ANNIHILATION  * * * 1 / 2

Starring Natalie Portman, Jennifer Jason Leigh, Tessa Thompson, Gina Rodriguez and Oscar Isaac. Wriiten for the screen and directed by Alex Garland.

I suppose it’s my job to be the big smarty pants who has everything figured out, or at least can fake it convincingly enough to fill six hundred words or so. I also suppose that if I went and saw Alex Garland’s Annihilation for a second time –maybe earlier in the evening when I’m not completely exhausted and half in the bag– I could probably come home with all sorts of theories about what’s really going on here, paying particular attention to those disappearing and re-appearing tattoos and sussing out the film’s fractured timeline into some sort of unified, coherent thesis explaining this strange and mesmerizing movie for you.

But I don’t really want to.

The best parts of Annihilation felt like I was having a nightmare right there in the theatre — the cutty, elliptical storyline making abrupt logical and temporal leaps while providing oddly unsettling visual sensations with little or no explanation. The template for the modern science fiction film makes sure to tell us everything you’re looking at while we’re seeing it. Annihilation is more like (if I may quote Jim Croce) a jigsaw puzzle with a couple of pieces gone. It’s got that dreamy, vaguely incomplete feeling that made the first Blade Runner haunt you for ages afterwards. I’m not exactly sure what to make of this movie but I can’t seem to shake it.

Natalie Portman stars as a biologist leading a team of female scientists into something called The Shimmer – a slowly expanding meteor crash site surrounded by a sort of trippy, shiny soap bubble inside of which electronics and compasses don’t work. Time seems to be on the fritz in here too, as on the first morning our gals wake up six days into their journey with no memories of arriving. Portman’s hunky husband (Oscar Isaac) is the only explorer who has ever emerged from The Shimmer alive –he spent a week there one year—and the dude came home decidedly far from okay.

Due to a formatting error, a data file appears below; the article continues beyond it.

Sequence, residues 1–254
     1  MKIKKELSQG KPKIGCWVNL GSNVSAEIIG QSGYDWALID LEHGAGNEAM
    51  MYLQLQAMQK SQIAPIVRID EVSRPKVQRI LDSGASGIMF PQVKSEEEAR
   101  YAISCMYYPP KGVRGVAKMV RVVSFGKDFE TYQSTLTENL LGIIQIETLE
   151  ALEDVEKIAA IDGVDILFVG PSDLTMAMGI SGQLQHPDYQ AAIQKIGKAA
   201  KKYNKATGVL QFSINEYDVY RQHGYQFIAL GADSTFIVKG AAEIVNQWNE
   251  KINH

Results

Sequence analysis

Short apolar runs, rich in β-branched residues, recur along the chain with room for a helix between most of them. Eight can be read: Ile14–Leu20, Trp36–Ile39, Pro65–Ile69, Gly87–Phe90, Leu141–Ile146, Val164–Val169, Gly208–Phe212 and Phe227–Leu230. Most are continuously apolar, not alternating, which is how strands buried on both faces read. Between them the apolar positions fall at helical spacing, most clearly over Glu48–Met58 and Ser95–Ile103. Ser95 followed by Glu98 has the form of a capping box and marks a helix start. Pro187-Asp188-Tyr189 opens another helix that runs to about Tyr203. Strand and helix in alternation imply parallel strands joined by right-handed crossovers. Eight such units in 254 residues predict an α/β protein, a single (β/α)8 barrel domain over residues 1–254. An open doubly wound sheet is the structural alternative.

Each of these women is emotionally broken in some fashion, recruited for that very reason by Jennifer Jason Leigh’s faintly sinister psychiatrist, Dr. Ventress. (It’s natural to be wary when someone like JJL is playing a mental health professional.) The crew is rounded out by Gina Rodriguez, Tuva Novotny and the achingly vulnerable Tessa Thompson – so brash and indomitable in films like Dear White People and Creed, yet here so delicate I kept hoping she’d turn around and go home instead of facing whatever horrors lie ahead.

A probably unnecessary framing device lets us know Portman is the only one getting out alive, further confounding the movie’s chronological chop-suey as she provides cryptic non-answers to Benedict Wong’s Hazmat-suited inquisitor. What we do discover is that The Shimmer works as a prism not just for the gorgeous striations of light inside but also bending and mixing the genetic material of its inhabitants, conjuring wonders like elk with floral antlers and terrors like toothy bears that cry out in the voices of their prey.

It’s a nifty thematic match for how Garland is recombining the DNA of seemingly incompatible sci-fi movies from Aliens to Stalker or the alternating of his flatly functional relationship interludes with wild, hallucinatory episodes. (I haven’t read Jeff VanderMeer’s novel on which the film is based, but enough fans are bitching online for me to surmise the film has taken considerable liberties with the source material.)

I’ve enjoyed Garland’s screenplays for 28 Days Later and Dredd while remaining an agnostic about Ex Machina, his highly touted directorial debut that felt to me like the Voight-Kampff scene from Blade Runner plus nudity, stretched out to two hours. Annihilation is the real deal, though. However frustrating, this is the product of a genuine, gonzo vision. I still can’t believe a major studio released this thing into multiplexes.

The movie exists inside a depressive murk — a muted torpor that mirrors these women’s private sorrows. As Garland’s film crept up on its psychedelic light-show finale, the movie it reminded me of most was Lars Von Trier’s masterpiece Melancholia, which greeted the apocalypse with a sigh of relief.

Annihilation’s cryptic coda is all but begging to be unpacked and picked apart, yet once again I’d rather just sit and be haunted by these pictures and sounds, letting the film wash over me like a terrible, beautiful dream. Sometimes understanding stuff is overrated.

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